Researchers found one of oldest known tree fossils in Gilboa, New York. The fossil is roughly 385 million years old and is one of the remains from the Genus Wattieza, a fern-like plant which formed Earth's first known forests.
Dr Berry described the discovery as a "spectacular" find.
The upright stumps of fossilised trees were first uncovered after a flash flood in Gilboa, New York, more than a century ago.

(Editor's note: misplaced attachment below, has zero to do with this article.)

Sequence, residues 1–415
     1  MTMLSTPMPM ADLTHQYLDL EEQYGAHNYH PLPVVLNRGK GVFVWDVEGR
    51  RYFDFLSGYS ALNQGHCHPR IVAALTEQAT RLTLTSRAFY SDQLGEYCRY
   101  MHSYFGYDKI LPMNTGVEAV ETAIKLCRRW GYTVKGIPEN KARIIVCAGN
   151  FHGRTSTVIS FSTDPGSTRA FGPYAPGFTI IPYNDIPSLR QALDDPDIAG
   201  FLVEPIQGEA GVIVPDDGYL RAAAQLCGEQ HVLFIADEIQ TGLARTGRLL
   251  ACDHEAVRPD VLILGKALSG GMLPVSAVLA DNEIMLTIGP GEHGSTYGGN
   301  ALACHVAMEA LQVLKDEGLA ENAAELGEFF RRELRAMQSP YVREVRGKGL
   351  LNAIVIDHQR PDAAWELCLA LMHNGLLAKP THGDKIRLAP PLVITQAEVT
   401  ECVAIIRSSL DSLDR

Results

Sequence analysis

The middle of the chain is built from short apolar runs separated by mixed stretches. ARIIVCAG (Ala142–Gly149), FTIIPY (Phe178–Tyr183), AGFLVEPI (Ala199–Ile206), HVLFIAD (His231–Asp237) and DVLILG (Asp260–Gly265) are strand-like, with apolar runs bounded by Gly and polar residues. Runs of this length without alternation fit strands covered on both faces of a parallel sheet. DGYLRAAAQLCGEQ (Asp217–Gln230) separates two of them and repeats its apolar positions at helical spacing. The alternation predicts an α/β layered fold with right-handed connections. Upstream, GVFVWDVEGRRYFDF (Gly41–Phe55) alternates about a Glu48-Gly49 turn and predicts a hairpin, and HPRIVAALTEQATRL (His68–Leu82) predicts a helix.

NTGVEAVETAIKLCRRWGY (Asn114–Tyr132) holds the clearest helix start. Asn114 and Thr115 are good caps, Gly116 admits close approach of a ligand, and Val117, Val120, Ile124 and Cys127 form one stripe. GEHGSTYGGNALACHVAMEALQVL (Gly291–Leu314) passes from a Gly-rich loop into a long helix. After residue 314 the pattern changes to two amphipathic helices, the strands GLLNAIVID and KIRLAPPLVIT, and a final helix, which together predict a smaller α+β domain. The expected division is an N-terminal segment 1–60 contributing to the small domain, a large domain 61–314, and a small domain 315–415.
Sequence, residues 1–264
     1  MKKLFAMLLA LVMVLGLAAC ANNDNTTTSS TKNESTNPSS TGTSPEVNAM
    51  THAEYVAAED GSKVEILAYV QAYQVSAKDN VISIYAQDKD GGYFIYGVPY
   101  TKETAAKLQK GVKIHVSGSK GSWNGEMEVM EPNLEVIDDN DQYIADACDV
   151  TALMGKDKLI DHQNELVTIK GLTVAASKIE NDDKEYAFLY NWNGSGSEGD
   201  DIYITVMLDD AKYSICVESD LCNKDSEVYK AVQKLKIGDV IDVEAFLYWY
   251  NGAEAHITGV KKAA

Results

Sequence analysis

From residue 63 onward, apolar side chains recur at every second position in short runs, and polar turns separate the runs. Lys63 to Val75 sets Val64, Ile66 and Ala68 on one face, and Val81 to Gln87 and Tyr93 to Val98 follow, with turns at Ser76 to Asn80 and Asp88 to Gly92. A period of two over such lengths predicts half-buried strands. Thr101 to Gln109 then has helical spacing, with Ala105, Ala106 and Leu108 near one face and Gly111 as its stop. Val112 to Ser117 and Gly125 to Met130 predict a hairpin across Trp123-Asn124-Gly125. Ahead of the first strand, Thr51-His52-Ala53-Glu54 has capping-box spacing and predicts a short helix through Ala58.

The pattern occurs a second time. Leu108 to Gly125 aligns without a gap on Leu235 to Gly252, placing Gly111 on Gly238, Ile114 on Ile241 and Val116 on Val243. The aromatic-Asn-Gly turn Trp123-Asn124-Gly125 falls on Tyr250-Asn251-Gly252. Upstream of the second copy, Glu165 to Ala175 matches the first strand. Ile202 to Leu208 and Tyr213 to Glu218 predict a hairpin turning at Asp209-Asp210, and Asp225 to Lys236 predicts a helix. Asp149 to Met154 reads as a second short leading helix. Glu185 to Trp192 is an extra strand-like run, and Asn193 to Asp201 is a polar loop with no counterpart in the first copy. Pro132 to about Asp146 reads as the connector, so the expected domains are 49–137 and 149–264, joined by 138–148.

But until two further fossils were found two years ago, which had fallen sideways with their trunk, branches, twigs and crown still intact, no-one knew what the entire trees looked like.
The American team called in Dr Berry, who has 17 years of tree fossil expertise, to help.
Dr Berry, of Cardiff university's School of Earth, Ocean and Planetary Sciences, said it was a "spectacular find" which had allowed scientists to recreate early forest ecosystems.
"This was also a significant moment in the history of the planet," he said.